This is the same technique used to make the popular rag quilts. Once you've washed your pads a few times the raw flannel edges will fluff up.

Now you'll need the microfleece base. Centre your core on the microfleece and pin it securely. Next, attach the core to the microfleece by sewing a straight stitch about 1/4" from your first row of stitching.





















Once the core layers area attached to the microfleece base you're almost finished. You'll just need to attach fastener to the wings. I've used poly-resin snaps and a snap press. If you don't have access to a snap press velcro would work well or some snaps that you can sew on (available at a fabric shop). If you're stuck a plain old safety pin would work too :)
















11 comments:

dalyax said...

Very well described and easy to follow :) A very simple tut!

Bloggin' Mama said...

This is one of the best tutorials I've seen. I've been looking for a good pattern and tutorial for a while and I think I'm ready to actually make some now.

Thank you.

County Cloth Creations said...

thanks ladies! I'm glad you've found it easy to follow, that was one of my goals.

Crunchy Christian Mom said...

Oh, thank you so much! You make it look so easy! This is next on my sewing list. I'm not postpartum, but I need something heavy duty anyhow.

Bags N Wipes N Things said...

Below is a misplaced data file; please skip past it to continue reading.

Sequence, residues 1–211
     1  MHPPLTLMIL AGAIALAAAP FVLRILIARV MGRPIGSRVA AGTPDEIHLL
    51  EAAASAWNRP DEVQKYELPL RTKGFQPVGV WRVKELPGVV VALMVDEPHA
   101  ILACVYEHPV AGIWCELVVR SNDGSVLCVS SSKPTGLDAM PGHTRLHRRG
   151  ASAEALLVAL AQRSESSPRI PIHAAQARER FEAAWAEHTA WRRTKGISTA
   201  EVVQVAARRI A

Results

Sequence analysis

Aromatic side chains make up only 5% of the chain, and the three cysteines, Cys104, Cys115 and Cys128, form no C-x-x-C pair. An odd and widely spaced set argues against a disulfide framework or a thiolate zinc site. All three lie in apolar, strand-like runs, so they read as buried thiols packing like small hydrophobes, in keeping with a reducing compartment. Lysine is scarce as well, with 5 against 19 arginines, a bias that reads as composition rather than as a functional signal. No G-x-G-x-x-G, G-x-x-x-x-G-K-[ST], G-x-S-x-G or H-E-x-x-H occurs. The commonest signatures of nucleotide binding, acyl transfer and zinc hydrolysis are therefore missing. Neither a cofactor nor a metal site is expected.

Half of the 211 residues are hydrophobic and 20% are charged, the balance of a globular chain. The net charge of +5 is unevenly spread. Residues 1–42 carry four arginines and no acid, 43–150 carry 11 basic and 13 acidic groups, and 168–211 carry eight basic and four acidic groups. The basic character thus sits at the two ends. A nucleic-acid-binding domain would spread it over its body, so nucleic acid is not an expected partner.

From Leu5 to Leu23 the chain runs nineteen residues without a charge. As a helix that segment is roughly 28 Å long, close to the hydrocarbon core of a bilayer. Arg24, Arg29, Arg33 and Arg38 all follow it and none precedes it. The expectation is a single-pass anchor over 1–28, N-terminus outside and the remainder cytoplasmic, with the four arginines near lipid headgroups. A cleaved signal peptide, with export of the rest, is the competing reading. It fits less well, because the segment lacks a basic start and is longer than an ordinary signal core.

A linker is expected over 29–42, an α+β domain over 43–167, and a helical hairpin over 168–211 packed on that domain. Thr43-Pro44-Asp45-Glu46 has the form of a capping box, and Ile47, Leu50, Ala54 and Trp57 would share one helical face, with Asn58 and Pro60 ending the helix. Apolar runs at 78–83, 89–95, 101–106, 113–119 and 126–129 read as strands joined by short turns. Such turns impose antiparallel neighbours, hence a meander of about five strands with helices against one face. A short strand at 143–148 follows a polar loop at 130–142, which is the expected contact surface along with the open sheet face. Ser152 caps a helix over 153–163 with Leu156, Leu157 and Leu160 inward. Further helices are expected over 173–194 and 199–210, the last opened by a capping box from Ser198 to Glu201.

This looks great!!!

What is the reasoning behind snipping the edges?

Amazing Grace - Handmade with Love said...

Hi there, I was just wondering how well these worked as post-partum pads. I am pregnant with my 2nd child and am making a whole heap of pads for when the bub is born. It would be great to hear your feedback.

County Cloth Creations said...

I just stubbled across this review of my tutorial for those who are interested in trying this tutorial out
http://blog.naturalbirthandbabycare.com/postpartum-mama-cloth/

Waters' Girl said...

I'm pregnant with #4 and just made some homemade cloth panty liners(I have pretty bad seasonal allergies, sometimes I pee when I sneeze). I'm also going to make some post partum pads and I really like how detailed your tutorial is. Thank you for putting in the measurements for everything, I was wracking my brain trying to figure out how big to make the pads. I'm excited to get my sewing machine out. Thank you again for the awesome tutorial.

County Cloth Creations said...

thank you :) I hope this is helpful for you!

Shannon said...

For creating printable pdf cutepdf.com , primo pdf.com and many other free ones will show up as a printer option for your hand drawn pattern. Great job & Thanks! Wonder if it helps channel to center after fluffed in washer?

Nikki Kamminga said...

To make a PDF just make your pattern in Word (you can add pics from Paint) then "Save As" and select PDF. Then you'll notice it's saved as one and when you open it you can't make changes.